"Gold seems to have its eye on $1,700 per ounce and I wouldn't be surprised to see it push higher."
The pandemic has infected more than a million people, killed over 68,000 and prompted countries to extend lockdowns to curb its spread, paralysing large swathes of the global economy.
In the latest move aimed at limiting damage from the virus, Japan is likely to take "all steps" encompassing fiscal, monetary and tax policies in a stimulus package to be approved on Tuesday, a draft document seen by Reuters showed.
Gold is highly sensitive to interest rates, as lower rates reduce the opportunity cost of holding non-yielding bullion.
Japanese Prime Minister Shinzo Abe, meanwhile, will declare a state of emergency over the pandemic as early as Tuesday, the Yomiuri newspaper reported.
"From a long-term standpoint, gold will still remain the preferred asset as the environment of low interest rates and virus-induced global slowdown would support a prolonged rally," said Sugandha Sachdeva, vice-president, metals, energy and currency research at Religare Broking Ltd.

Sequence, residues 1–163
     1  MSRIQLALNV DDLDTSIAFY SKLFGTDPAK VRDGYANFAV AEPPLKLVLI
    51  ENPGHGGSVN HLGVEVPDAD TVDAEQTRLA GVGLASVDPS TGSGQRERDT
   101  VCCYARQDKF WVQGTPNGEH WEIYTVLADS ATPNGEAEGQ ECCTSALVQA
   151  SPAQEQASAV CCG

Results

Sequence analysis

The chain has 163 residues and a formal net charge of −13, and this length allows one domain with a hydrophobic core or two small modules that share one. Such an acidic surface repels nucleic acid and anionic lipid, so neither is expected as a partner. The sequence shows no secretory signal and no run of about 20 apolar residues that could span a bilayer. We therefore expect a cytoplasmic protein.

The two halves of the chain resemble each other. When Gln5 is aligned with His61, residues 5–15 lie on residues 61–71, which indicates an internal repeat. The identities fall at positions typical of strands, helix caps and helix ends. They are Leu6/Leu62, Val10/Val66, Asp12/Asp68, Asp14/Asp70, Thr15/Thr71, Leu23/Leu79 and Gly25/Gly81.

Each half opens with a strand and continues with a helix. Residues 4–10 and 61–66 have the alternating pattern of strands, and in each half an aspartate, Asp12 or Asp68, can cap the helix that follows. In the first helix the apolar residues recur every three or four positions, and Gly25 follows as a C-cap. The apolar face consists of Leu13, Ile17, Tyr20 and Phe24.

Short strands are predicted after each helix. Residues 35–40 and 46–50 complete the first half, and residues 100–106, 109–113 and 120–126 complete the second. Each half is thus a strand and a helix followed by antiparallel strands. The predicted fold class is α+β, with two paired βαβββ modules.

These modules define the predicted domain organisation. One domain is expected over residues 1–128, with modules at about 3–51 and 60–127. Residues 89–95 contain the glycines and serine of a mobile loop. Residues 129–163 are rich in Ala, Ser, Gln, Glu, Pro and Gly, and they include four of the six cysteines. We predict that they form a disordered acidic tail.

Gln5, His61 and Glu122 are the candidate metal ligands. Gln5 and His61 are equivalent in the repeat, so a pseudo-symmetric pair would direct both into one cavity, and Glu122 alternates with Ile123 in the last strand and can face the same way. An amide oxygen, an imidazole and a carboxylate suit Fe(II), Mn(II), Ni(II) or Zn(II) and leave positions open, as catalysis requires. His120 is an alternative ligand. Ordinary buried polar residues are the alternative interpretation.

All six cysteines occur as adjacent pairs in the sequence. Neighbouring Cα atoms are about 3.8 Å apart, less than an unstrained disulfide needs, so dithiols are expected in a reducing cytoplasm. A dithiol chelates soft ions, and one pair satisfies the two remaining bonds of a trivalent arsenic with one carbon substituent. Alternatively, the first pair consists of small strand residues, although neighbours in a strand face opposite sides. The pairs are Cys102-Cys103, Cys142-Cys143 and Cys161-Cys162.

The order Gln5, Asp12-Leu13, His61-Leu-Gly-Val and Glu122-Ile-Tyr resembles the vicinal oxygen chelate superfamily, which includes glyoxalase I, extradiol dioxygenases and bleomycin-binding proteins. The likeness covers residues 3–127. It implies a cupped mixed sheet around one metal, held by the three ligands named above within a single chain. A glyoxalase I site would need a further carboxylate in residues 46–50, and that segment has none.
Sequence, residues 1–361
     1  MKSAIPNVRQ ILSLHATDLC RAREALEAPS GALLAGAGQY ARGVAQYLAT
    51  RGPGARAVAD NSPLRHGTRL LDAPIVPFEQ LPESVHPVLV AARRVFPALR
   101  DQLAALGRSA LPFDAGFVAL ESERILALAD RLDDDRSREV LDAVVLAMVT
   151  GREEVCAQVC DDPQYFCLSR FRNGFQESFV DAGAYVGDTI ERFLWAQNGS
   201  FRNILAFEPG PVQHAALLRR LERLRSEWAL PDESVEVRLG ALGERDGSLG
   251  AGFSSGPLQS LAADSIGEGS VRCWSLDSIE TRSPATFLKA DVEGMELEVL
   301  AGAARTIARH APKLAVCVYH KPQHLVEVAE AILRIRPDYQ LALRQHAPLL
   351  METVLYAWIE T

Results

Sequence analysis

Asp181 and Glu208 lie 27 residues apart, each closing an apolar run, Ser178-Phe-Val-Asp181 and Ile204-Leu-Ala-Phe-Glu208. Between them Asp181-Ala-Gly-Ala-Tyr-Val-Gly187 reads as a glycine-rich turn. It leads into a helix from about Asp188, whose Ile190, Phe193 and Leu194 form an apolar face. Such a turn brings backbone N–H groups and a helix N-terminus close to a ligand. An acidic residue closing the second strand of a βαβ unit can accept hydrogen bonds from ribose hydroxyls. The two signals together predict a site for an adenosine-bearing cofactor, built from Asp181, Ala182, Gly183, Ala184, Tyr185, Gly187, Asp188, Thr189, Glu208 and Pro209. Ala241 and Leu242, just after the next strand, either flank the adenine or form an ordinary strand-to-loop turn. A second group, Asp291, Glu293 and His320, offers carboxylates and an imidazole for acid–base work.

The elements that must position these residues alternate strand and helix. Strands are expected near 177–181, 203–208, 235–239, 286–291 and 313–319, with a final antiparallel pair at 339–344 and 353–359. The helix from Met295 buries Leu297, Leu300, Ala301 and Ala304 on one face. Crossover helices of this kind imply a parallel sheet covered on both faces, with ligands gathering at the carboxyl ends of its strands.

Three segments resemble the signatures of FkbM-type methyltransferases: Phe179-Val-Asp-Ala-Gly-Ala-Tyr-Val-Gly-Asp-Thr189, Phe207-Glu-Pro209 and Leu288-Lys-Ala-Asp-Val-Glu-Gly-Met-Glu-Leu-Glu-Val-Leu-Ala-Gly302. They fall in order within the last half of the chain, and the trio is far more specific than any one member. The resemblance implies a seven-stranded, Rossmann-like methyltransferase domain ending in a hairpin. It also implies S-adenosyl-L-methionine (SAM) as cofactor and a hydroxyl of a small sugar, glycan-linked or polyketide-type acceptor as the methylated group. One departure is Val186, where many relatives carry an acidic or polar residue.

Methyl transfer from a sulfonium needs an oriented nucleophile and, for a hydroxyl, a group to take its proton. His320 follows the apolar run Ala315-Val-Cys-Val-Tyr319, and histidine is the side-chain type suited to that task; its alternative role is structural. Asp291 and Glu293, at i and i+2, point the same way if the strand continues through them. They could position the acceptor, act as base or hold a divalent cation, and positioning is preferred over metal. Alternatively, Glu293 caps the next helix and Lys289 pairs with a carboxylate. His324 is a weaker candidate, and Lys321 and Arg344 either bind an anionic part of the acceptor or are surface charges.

Reflecting increased investor interest in gold, holdings of the world's largest gold-backed exchange-traded fund, SPDR Gold Trust GLD, rose 0.7% to 978.99 tonnes on Friday - the highest in more than three years.
On the physical side, three of the world's biggest gold refineries said they would partly reopen after a two-week closure that disrupted global supply.
Among other precious metals, autocatalyst palladium was down 1.7% at $2,150.87 per ounce after slipping more than 3% in early trade.
New car registrations in Britain fell by an annual 40% in March due to the coronavirus crisis, preliminary data from an industry group showed on Monday.
Platinum gained 1% to $727.50 per ounce, while silver climbed 0.9% to $14.52.
(Reporting by Brijesh Patel in Bengaluru; Editing by Mark Potter and David Evans) ((Brijesh.Patel1@thomsonreuters.com; Within U.S. +1 651 848 5832, Outside U.S. +91 8067493865; Reuters Messaging: Brijesh.Patel1.firstname.lastname@example.org))